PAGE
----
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Stewart bumps photographer, apologizes

Driver's history includes punching photographer, but officials call contact accidental.

By JOANNE KORTH, Times Staff Writer

© St. Petersburg Times, published November 17, 2002


Driver's history includes punching photographer, but officials call contact accidental.

HOMESTEAD -- Barely 24 hours from the start of the biggest race of his career, Tony Stewart was at the center of another controversy Saturday at Homestead-Miami Speedway.

Incident or accident?

Stewart, on probation with NASCAR for an altercation with a photographer at Indianapolis in August, ran into a photographer while jogging through the Winston Cup garage after the final practice session. Stewart later apologized, and NASCAR considers the matter closed.

"With Tony's history, had this been any other driver it would not have been an issue," said Jim Hunter, NASCAR's vice president of corporate communications.

Stewart can clinch the Winston Cup championship today by finishing 22nd or better in the Ford 400.

Stewart was jogging through the garage from his car to the Joe Gibbs Racing hauler when he ran into 50-year-old Rusty Jarrett, who was focusing on Stewart through a zoom lens. Shortly after it happened, Jarrett said he believed the contact was intentional by Stewart.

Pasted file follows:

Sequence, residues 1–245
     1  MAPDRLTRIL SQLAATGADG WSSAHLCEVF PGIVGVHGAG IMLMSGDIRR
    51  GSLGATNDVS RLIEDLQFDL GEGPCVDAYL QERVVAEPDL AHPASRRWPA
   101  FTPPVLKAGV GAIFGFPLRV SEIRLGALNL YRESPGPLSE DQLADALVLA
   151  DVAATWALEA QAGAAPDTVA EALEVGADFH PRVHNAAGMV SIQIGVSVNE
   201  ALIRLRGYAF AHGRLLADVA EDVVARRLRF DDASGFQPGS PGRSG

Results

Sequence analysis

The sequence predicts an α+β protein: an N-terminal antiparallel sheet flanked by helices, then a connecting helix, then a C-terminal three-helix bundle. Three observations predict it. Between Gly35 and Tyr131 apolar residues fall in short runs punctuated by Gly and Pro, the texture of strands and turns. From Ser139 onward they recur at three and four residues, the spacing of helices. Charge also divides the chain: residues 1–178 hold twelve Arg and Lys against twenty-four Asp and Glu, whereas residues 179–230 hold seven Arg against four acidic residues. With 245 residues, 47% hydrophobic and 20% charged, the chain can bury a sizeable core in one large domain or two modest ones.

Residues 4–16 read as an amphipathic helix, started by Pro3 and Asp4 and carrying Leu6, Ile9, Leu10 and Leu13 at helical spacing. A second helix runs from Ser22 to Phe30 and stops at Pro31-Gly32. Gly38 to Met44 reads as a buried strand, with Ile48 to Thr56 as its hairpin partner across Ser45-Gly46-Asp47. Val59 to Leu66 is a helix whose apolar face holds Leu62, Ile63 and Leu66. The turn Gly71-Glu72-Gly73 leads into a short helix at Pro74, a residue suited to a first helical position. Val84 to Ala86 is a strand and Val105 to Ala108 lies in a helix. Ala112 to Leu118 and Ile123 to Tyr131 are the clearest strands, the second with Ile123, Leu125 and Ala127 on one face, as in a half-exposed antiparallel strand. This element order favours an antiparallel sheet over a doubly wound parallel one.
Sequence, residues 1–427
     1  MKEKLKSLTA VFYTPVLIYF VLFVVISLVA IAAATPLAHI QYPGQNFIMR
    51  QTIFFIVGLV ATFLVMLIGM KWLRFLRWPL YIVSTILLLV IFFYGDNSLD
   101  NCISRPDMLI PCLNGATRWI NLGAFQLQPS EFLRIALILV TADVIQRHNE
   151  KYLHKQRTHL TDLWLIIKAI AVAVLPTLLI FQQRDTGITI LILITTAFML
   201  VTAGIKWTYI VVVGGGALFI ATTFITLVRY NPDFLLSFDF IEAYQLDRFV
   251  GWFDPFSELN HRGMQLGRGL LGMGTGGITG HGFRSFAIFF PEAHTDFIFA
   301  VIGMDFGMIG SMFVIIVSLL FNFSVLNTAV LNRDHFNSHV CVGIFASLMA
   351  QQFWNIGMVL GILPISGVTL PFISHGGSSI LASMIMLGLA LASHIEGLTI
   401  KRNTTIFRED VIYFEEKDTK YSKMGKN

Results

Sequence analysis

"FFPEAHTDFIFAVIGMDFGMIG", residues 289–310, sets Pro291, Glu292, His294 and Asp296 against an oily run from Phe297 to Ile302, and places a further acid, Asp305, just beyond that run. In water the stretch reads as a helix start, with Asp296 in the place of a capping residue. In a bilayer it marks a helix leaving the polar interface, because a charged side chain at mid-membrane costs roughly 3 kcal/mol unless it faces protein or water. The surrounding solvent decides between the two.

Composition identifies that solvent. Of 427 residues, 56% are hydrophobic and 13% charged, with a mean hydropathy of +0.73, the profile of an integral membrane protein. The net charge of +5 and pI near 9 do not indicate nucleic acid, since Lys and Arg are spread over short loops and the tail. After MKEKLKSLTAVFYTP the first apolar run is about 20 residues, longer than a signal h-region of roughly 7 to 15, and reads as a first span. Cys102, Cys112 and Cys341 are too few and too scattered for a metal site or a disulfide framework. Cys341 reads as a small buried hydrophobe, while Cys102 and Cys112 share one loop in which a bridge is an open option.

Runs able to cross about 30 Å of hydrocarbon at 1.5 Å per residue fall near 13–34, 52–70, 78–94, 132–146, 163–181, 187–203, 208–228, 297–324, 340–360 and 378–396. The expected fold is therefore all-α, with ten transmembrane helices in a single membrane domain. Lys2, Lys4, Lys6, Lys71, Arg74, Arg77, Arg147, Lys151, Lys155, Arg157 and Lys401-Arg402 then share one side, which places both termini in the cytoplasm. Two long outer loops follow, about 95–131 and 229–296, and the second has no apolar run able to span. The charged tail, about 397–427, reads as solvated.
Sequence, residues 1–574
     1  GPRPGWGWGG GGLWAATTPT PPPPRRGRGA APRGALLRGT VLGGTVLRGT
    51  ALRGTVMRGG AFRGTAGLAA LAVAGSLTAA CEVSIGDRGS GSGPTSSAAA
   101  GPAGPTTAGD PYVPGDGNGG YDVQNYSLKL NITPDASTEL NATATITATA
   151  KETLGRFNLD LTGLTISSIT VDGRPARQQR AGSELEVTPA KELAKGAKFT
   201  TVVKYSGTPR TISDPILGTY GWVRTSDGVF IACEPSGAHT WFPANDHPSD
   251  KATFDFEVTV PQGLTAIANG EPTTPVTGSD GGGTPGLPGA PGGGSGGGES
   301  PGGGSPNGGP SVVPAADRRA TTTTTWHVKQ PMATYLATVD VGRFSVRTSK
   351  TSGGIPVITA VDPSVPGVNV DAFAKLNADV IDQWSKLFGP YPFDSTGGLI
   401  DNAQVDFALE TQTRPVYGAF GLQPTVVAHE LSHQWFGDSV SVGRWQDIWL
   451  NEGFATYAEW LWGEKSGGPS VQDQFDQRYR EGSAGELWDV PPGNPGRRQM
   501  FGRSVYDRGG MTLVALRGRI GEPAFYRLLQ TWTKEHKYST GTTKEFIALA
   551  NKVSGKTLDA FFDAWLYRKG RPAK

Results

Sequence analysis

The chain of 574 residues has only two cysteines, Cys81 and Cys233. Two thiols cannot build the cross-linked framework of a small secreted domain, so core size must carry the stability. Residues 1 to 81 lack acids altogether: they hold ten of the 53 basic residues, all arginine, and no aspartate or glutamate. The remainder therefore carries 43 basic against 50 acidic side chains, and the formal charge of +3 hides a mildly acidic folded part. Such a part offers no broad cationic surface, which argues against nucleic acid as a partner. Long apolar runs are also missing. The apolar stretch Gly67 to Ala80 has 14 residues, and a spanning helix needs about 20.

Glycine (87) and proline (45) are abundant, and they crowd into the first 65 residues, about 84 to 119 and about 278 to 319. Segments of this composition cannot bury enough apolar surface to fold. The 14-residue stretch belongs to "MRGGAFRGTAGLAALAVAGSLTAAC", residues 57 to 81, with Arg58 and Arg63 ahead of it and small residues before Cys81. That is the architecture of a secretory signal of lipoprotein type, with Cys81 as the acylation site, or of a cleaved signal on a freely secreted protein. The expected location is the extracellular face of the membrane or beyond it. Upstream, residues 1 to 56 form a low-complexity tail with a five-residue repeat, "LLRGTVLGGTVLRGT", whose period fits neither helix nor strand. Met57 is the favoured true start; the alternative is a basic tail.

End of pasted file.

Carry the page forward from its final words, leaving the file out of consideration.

"He came out of the garage, raised his arm and put a body block on me," said Jarrett, who was not injured.

Sports Illustrated photographer George Tiedemann had a different view.

"Tony was coming out of the garage, going straight toward his hauler," Tiedemann said. "He was cutting through the inspection area and moving pretty fast.

"The photographer was 7-10 feet from the wall of the garage and Tony came around the corner and ran into him. If it had been intentional, (Stewart) certainly would not have looked back at the guy and said, 'What the?' Tony stumbled a little bit after they collided."

NASCAR called a meeting with president Mike Helton, Winston Cup director John Darby, Hunter, Stewart, Gibbs and Jarrett to resolve the matter.

"It was a very candid meeting," Hunter said. "Rusty expressed his opinion on what happened and Tony Stewart gave his opinion of what happened. The meeting lasted about 30 minutes and everybody left there happy."

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